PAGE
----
Art Neville, the eldest member of the city’s first family of funk, famous for founding and performing with seminal music groups the Meters and the Neville Brothers, died Monday, according to a family source. He was 81.
In December 2018, Neville, who was nicknamed “Poppa Funk,” announced his retirement from performing as health problems took their toll. Earlier that year, Neville and his fellow Meters earned a Grammy Lifetime Achievement Award. Neville did not travel to Los Angeles for the awards ceremony, however. That same year, his brother Charles died.
Up until 2018, Neville continued to perform, even while battling health problems. “You can bring me there in the ambulance, roll me onto the stage, give me a microphone, and a mirror where I can see the people,” he joked in a 2013 interview with Times-Picayune/Advocate music writer Keith Spera. “I’ve been doing this all my life. I enjoy it. Even the bad parts of it, the parts I didn’t like…I found out that’s the way things go sometimes. You’ve got to go along with them.”
In addition to performing around the world as a member of The Neville Brothers, he was also well known as a founding member of The Meters and the Funky Meters, the more recent collaboration with original Meters bassist George Porter Jr., Neville Brothers guitarist Brian Stoltz and Neville’s nephew Ivan. Art Neville also led a variety of other bands over the years, including the Hawketts, Art Neville and the Neville Sounds and The Nevilles.
The last group was formed in 2013 when Aaron Neville decided to leave The Neville Brothers to focus on his solo career. Art and his brothers Charles and Cyril, along with Art’s son Ian and Aaron’s son Ivan, continued to lead the family band without him.
By that point, Aaron Neville had also left New Orleans and moved to New York, while his brother Charles (who died in 2018) had relocated to Massachusetts. But Art Neville still lived in the Valence Street block that first nurtured the family’s musical talents. “I don’t intend to go nowhere, either,” Neville told Spera. “I got a spot in my backyard where I can be buried.”
Both as a member of the Meters, the Neville Brothers and as a solo artist, Neville’s influence on other musicians has been well documented. It is one reason the Meters have been nominated four times for the Rock ‘n’ Roll Hall of Fame. Their music has been sampled or covered by bands and artists ranging from the Red Hot Chili Peppers to Heavy D, LL Cool J, Queen Latifah, Run-DMC, N.W.A., Ice Cube and Beastie Boys.
Founded in 1965, the original Meters lineup, with Neville on keyboards, included George Porter Jr. on bass, Leo Nocentelli on guitar and drummer Joseph “Zigaboo” Modeliste.
Starting in 1968, they wrote and recorded singles that went to the top of the charts, including “Cissy Strut,” which reached No. 4 on the national R&B chart. Other hits included “Sophisticated Cissy,” “Look-Ka Py Py” and “Chicken Strut.”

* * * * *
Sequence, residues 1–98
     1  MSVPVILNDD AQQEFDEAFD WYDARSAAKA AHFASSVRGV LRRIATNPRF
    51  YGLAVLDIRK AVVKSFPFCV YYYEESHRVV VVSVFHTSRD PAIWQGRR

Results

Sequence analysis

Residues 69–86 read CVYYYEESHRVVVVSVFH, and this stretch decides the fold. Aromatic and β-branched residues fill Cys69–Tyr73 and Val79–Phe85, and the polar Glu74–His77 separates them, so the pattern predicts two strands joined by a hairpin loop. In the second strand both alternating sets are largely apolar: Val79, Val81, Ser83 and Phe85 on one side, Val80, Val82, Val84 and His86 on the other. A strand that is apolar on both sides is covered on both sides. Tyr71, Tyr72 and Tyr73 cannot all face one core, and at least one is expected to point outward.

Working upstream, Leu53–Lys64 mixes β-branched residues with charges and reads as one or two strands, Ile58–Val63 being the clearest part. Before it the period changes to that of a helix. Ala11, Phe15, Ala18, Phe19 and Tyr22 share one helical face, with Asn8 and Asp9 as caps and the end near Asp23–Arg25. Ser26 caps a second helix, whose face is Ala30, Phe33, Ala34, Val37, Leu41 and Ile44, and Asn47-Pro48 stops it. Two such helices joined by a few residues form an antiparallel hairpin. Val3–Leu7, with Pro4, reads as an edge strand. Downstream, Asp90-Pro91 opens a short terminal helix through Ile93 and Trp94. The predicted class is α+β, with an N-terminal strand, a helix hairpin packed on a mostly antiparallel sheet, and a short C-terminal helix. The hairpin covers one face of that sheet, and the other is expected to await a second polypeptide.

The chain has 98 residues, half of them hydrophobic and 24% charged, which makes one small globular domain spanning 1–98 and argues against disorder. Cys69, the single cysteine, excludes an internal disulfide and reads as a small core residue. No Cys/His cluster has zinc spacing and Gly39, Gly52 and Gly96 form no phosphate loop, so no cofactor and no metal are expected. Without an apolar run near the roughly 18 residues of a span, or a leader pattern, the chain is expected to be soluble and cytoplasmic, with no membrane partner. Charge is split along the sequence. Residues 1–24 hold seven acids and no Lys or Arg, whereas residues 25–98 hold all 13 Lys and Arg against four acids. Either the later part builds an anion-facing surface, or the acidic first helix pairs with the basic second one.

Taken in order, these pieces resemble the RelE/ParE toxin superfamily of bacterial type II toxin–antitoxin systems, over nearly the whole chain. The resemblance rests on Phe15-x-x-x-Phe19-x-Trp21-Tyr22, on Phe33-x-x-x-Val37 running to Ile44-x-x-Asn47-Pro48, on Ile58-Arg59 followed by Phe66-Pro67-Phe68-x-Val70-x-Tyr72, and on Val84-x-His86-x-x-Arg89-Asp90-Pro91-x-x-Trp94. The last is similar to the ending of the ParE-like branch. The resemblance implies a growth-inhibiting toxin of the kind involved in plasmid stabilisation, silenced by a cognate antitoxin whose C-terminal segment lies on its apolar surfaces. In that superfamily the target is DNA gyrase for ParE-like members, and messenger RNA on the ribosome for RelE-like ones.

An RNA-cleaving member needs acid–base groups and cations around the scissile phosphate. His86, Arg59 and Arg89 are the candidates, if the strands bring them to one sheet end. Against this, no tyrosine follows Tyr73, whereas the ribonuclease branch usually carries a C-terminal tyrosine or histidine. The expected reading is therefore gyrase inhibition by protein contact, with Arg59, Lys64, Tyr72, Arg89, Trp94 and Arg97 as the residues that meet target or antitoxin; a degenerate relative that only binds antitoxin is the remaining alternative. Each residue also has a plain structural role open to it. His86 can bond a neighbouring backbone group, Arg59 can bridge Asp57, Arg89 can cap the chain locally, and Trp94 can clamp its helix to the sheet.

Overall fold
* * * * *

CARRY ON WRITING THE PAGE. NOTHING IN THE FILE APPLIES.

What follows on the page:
In addition to their own brand of syncopated funk the influential quintet were fixtures at Allen Toussaint and Dr. John sessions. They became the house band for Toussaint and recorded on many local and national hits, including Patti LaBelle’s “Lady Marmalade” as well as songs for Robert Palmer and Lee Dorsey. In 1975, Paul McCartney invited the Meters to play at the release party on the Queen Mary for his album “Venus and Mars,” which was recorded in New Orleans. Mick Jagger was at that party and invited the band to open for the Rolling Stones Tour of the Americas and Tour of Europe that same year.
“Neville's sing-song organ, Nocentelli's sneaky, chicken-scratch guitar, Porter's deep, rubbery bass and Modeliste's crisp, syncopated rhythms forged a template for much New Orleans music that followed,” wrote Spera in a 2018 profile.
In the 1970s, Art’s brother Cyril also joined the band on percussion and vocals. The Meters’ albums for Reprise/Warner Bros. Records during that time yielded the New Orleans standards "Hey Pocky A-Way," "Fire on the Bayou," "People Say,” "Africa” and "They All Ask'd for You."
Art and Cyril Neville left the Meters in 1977 and the band broke up in 1980. By then, Neville had already joined with his brothers Aaron, Charles and Cyril to form the Neville Brothers. They became hugely popular in New Orleans and across the country and won a Grammy for the song “Healing Chant” on their 1989 album “Yellow Moon.” They toured the world and became the closing act for the main stage of the New Orleans Jazz and Heritage Festival.
Neville’s musical roots dated back to his high school days. At Walter S. Cohen High School, he formed a band known as the Hawketts. Neville was barely 17 years old when he sang lead on their version of “Mardi Gras Mambo,” which remains a Carnival classic. The group recorded the tune, which was actually a remake of a country song, in the studios of WWEZ radio station, at the urging of disc jockey Jack the Cat.
In the late 1950s and early 1960s, Neville also recorded two other rhythm & blues singles that have become classics of the era, including "Cha Dooky Do" and "All These Things."